Stuhr Museum wants a building filled with steam year-round.
Executive Director Chris Hochstetler said, when he began his position in February 2020, he opened an unheated farm machinery building on the east side of the museum grounds to a group from Australia that wanted to see the farm machinery on display.
This incident made him realize the importance of the farm machinery building and how it needed to be open year-round, rather than just a few months of the year.
“During the cold months like this, we didn’t have heat in this building, so it was only accessible for maybe five months out of the year,” Hochstetler said.
“It was impractical to us to say that we have this very deep collection — there are 138 pieces in this collection — and only have it accessible for half of the year. That made zero sense.”
He said Stuhr Museum installed a heating system in the building “right before the holidays.” The building reopened to the public on Tuesday and now will be open to visitors year-round.
“The heater feels pretty good and it is not so loud that you cannot have a conversation in here,” Hochstetler said.
The next step is to reimagine what the farm machinery building space looks like. He said the roughly 40-year-old collection features 138 exhibit pieces that include farm machinery, carriages, some cars and other steam-powered machines.
The farm machinery building has an adjacent storage area, which Hochstetler said Stuhr Museum hopes to use to expand the collection.
Since a number of the pieces of machinery in the building are steam-powered, he said the museum hopes to reimagine the space as a center for STEAM-based learning (Science, Technology, Engineering, Art and Math) where kids, parents and educators can experience the exhibit and “tinker in experiential activities that are STEAM-related that would connect it all together.”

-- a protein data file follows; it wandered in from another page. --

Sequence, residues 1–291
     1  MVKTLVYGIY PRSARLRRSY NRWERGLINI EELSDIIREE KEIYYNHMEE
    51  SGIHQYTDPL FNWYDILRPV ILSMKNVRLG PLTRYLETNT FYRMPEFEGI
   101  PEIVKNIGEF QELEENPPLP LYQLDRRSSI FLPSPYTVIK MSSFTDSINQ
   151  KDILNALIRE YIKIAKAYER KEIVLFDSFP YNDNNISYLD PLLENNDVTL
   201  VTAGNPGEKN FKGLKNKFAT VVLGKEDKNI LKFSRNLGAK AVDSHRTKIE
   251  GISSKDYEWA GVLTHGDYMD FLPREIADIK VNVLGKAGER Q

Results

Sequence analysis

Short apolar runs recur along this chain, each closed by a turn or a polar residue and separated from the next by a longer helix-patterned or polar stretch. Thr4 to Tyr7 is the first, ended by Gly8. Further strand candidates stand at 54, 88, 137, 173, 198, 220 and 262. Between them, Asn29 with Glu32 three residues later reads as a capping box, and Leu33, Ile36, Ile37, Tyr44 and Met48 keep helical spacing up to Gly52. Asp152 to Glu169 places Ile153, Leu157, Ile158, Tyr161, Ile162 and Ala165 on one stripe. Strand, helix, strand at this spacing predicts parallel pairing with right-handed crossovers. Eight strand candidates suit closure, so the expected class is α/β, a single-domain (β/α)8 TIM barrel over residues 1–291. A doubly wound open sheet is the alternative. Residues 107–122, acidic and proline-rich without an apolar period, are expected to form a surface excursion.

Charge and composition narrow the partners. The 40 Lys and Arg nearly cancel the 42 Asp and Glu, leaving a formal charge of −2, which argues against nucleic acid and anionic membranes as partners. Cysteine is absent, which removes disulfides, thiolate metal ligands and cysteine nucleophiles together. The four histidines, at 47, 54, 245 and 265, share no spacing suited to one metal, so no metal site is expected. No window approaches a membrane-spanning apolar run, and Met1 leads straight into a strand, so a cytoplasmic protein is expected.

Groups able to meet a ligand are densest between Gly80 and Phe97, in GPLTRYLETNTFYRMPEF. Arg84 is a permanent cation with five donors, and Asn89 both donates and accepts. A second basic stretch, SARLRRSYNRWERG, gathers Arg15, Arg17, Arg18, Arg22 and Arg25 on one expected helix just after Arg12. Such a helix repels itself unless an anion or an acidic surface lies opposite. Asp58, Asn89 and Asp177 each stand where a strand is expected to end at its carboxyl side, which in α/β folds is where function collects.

Hochstetler said, in reimagining the farm machinery building as a STEAM-based learning center, Stuhr Museum hopes to add some outdoor activities and exhibits. Some pieces will need to be restored before they can be displayed.
“We want this to be a place on our campus where people can come and do things, rather than just see things,” he said.
“This will be a place where families can come and spend hours and hours together doing activities. To me, that resonates so much more and carries so much more weight.”
Hochstetler said the farm machinery building has a treadmill-powered washing machine children could work with to have a hands-on, STEAM-based learning experience.
“We could use shuffleboards to say, ‘Here is how grain is separated from the chaff; this is what this does,’” he said. “You could even take it a few steps further and have grain being ground in this space. Maybe we could do something simple like having the grain ground into bread or something. We can do those things so that it connects kids to these pieces. Then, they are going to have a completely different perception of what these things do.”
Hochstetler said he would like to see the STEAM-based activities in the farm machinery building by spring.
“We will monitor the COVID situation, but our hope is that in the spring, when people come back to visit us, we will have those stations set up and they will be doing STEAM-related activities,” he said.
Hochstetler said the museum does not currently plan to install air conditioning in the building.